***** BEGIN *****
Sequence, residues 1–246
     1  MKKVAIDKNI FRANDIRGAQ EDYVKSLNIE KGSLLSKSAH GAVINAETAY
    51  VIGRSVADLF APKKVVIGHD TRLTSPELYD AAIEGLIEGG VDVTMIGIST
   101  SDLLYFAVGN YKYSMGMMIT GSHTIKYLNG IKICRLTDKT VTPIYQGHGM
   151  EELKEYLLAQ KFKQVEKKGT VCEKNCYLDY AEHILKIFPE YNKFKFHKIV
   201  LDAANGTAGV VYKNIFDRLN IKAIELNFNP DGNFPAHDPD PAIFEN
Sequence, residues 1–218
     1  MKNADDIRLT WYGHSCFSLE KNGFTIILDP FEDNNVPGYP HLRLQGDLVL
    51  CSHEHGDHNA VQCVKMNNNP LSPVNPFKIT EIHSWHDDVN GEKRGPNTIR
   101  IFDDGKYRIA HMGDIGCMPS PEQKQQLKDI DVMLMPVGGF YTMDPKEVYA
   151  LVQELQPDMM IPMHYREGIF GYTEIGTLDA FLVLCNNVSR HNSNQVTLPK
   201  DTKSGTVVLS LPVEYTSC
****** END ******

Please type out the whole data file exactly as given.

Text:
Sequence, residues 1–246
     1  MKKVAIDKNI FRANDIRGAQ EDYVKSLNIE KGSLLSKSAH GAVINAETAY
    51  VIGRSVADLF APKKVVIGHD TRLTSPELYD AAIEGLIEGG VDVTMIGIST
   101  SDLLYFAVGN YKYSMGMMIT GSHTIKYLNG IKICRLTDKT VTPIYQGHGM
   151  EELKEYLLAQ KFKQVEKKGT VCEKNCYLDY AEHILKIFPE YNKFKFHKIV
   201  LDAANGTAGV VYKNIFDRLN IKAIELNFNP DGNFPAHDPD PAIFEN
Sequence, residues 1–218
     1  MKNADDIRLT WYGHSCFSLE KNGFTIILDP FEDNNVPGYP HLRLQGDLVL
    51  CSHEHGDHNA VQCVKMNNNP LSPVNPFKIT EIHSWHDDVN GEKRGPNTIR
   101  IFDDGKYRIA HMGDIGCMPS PEQKQQLKDI DVMLMPVGGF YTMDPKEVYA
   151  LVQELQPDMM IPMHYREGIF GYTEIGTLDA FLVLCNNVSR HNSNQVTLPK
   201  DTKSGTVVLS LPVEYTSC